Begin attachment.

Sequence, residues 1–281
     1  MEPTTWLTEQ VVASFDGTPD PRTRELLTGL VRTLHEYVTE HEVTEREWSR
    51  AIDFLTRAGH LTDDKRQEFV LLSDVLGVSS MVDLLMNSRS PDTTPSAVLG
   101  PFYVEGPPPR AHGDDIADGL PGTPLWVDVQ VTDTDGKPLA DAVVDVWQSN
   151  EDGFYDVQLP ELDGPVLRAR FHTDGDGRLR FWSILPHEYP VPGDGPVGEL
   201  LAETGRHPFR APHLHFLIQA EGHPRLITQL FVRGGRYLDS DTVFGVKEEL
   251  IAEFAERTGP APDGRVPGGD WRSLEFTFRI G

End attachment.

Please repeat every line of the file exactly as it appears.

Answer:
Sequence, residues 1–281
     1  MEPTTWLTEQ VVASFDGTPD PRTRELLTGL VRTLHEYVTE HEVTEREWSR
    51  AIDFLTRAGH LTDDKRQEFV LLSDVLGVSS MVDLLMNSRS PDTTPSAVLG
   101  PFYVEGPPPR AHGDDIADGL PGTPLWVDVQ VTDTDGKPLA DAVVDVWQSN
   151  EDGFYDVQLP ELDGPVLRAR FHTDGDGRLR FWSILPHEYP VPGDGPVGEL
   201  LAETGRHPFR APHLHFLIQA EGHPRLITQL FVRGGRYLDS DTVFGVKEEL
   251  IAEFAERTGP APDGRVPGGD WRSLEFTFRI G